FIFTEEN VIDEOS: Arguably Some of the Best Footage/Coverage of Russia’s Invasion of Crimea You’ll Ever See

---- LibertyNEWS POLL: Should the U.S. go to war with North Korea? Click here to vote and see instant results!! ----

VICE News correspondent Simon Ostrovsky (American reporter) has provided daily reports from Ukraine for the past two weeks. Ostrovsky speaks Russian and provides a perspective of the Russian invasion that you simply will not get from mainstream media. His coverage is, in some cases, shocking and almost hard to believe.

I’ll start you off with the latest dispatch from Ostrovsky. This one was published today (March 19th). After today’s dispatch I’ll list them as they were published in order from dispatch one through dispatch fourteen. I highly recommend you carve out some time to watch these. In my view this is some of the finest journalism out there right now.

(Language can be NSFW)

RUSSIAN ROULETTE – THE INVASION OF UKRAINE BY SIMON OSTROVSKY
Descriptions via the Youtube video page for each corresponding dispatch video

Dispatch One: March 3rd – Russia has invaded the Crimean peninsula of Ukraine and taken over its civilian and military infrastructure. Not a shot has been fired so far, but Russia is using its superior force to intimidate Ukrainian troops in an attempt to get them to surrender.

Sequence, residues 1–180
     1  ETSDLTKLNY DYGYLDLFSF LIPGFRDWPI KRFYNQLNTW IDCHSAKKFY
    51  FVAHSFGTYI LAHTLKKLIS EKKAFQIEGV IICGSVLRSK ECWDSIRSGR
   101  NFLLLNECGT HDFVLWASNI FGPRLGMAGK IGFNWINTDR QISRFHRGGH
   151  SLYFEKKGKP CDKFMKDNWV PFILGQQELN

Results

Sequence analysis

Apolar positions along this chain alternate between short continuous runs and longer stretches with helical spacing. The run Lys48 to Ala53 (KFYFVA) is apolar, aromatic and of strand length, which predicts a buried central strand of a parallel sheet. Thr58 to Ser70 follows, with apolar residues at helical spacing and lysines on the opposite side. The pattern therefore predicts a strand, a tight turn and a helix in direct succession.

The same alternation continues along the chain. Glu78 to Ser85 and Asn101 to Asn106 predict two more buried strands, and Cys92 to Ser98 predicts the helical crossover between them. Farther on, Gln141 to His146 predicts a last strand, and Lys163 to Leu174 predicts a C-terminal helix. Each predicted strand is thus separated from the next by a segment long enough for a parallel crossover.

Russia claims it wants to stabilize the situation on the peninsula, which has a large Russian population, but Ukraine’s new government regards the move as an occupation of its sovereign territory.

Dispatch Two: March 4th – Angry crowds of Russia supporters as well as Russian military units surrounded and entered Ukraine’s Naval High Command in Sevastopol blocking all exits and demanded that its officers switch allegiance to Crimea’s new Kremlin-alligned government. Naval Command has so far remained mostly loyal to Kiev, but its fall would represent a significant psychological victory for Russian forces.

Dispatch Three: March 6th – The blockade by Russia of Ukrainian military installations in Crimea continues. VICE News correspondent Simon Ostrovsky spoke with families of personnel barricaded inside, who complained about the difficulty of getting food past the pro-Russian protesters outside. Russia’s supporters explained why they want Crimea to separate from Ukraine, and Simon negotiated his way through a Russian checkpoint to interview an officer on the Slavutych, a Ukrainian battleship stuck in the harbor of Sevastopol.